Lookin’ good, squash.
Sometimes (OK, almost all of the time) we buy fresh produce because we want to eat it. But on occasion we should let ourselves pick up a vegetable just because it looks nice. In the Northeast, the right time of year for that splurge is autumn, with the leaves changing and the harvest peaking. Yes, it’s Norman Rockwell-y, but nothing says fall like an assortment of ornamental squash on your kitchen table.
Most ornamental squash is indeed edible, as long as you don’t let it sit around too long. Luckily, like all Righteous Produce, our ornamental squash are delivered to retail locations within days of harvest, leaving you with enough time to enjoy their aesthetic appeal before testing their culinary appeal. Don’t try to eat those bumpy gourds though—they can be quite bitter.
Below are some of the varieties we typically offer:
Pumpkins: You know what a pumpkin is, don’t you? The smaller ones, called sugar or pie pumpkins, have better flesh for eating, but even the big ones are great for their seeds.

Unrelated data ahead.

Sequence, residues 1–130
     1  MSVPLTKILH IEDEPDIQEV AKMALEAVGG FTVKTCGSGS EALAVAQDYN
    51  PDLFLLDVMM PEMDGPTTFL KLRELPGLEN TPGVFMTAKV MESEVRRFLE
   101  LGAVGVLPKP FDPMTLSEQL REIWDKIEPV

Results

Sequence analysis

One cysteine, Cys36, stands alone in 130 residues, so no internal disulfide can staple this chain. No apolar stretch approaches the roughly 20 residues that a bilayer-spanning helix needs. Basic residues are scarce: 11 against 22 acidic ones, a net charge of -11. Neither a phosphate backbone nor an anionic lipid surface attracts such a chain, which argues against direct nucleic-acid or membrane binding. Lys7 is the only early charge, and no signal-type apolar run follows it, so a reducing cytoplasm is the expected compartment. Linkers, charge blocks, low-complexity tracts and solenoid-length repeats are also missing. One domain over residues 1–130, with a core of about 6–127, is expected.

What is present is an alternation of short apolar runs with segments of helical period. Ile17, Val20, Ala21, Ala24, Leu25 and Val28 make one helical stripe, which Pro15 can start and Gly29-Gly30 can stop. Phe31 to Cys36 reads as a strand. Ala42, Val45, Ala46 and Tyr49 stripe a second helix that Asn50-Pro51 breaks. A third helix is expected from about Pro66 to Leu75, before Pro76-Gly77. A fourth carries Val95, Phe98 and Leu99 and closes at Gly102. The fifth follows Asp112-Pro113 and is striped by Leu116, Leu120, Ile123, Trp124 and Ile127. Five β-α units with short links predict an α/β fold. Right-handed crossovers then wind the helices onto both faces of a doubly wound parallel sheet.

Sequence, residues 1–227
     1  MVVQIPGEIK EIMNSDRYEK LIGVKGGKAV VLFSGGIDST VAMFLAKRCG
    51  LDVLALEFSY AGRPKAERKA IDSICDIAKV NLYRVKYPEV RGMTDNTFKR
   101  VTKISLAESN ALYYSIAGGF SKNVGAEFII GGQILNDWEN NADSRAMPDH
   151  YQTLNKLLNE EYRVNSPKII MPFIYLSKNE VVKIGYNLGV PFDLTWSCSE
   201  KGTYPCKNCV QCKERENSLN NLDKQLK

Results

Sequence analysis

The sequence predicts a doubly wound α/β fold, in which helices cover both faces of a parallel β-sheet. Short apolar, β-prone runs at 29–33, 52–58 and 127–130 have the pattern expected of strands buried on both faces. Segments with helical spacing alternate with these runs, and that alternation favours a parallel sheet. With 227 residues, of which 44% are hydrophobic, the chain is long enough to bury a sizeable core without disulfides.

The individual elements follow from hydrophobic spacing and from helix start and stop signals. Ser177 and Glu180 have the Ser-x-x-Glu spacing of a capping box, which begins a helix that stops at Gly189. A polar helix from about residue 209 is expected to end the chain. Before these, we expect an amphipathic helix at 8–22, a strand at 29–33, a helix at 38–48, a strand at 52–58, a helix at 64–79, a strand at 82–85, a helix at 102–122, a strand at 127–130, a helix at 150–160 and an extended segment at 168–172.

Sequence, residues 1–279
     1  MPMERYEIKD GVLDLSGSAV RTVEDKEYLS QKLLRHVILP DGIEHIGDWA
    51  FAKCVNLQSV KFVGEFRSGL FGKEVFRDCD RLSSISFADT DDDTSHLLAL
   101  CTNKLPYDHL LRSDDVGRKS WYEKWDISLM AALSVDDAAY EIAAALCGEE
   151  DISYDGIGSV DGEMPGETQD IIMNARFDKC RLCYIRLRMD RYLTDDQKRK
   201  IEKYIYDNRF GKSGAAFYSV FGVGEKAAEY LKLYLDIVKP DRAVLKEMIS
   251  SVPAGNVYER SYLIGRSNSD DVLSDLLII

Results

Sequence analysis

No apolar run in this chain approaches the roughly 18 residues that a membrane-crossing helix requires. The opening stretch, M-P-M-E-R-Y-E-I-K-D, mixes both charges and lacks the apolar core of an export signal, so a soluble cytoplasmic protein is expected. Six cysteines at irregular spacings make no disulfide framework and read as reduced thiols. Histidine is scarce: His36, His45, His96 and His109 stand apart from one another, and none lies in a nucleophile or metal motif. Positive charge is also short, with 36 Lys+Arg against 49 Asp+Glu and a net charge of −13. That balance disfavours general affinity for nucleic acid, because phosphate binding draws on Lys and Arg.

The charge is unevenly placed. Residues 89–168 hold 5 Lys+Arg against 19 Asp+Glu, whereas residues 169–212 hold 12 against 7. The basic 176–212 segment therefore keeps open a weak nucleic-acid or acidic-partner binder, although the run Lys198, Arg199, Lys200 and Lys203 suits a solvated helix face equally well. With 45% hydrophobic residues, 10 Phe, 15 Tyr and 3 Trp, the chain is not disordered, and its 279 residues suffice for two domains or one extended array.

Wee B. Little: About the size of a baseball with bright orange skin and slight ribbing.
Jack B. Little: A squat, ribbed, deep-orange pumpkin that will fit in your palm.
Baby Boo: A ghostly white miniature pumpkin that is squat and deeply ribbed.
Casperita: White with a classic pumpkin shape and a green stem. Casperitas have a sweet, slightly-orange flesh that tastes like acorn squash.
Lunch Lady Gourd: Large gourds with hard shells and a derogatory variety name, these squash come in a range of colors and often have a warty appearance.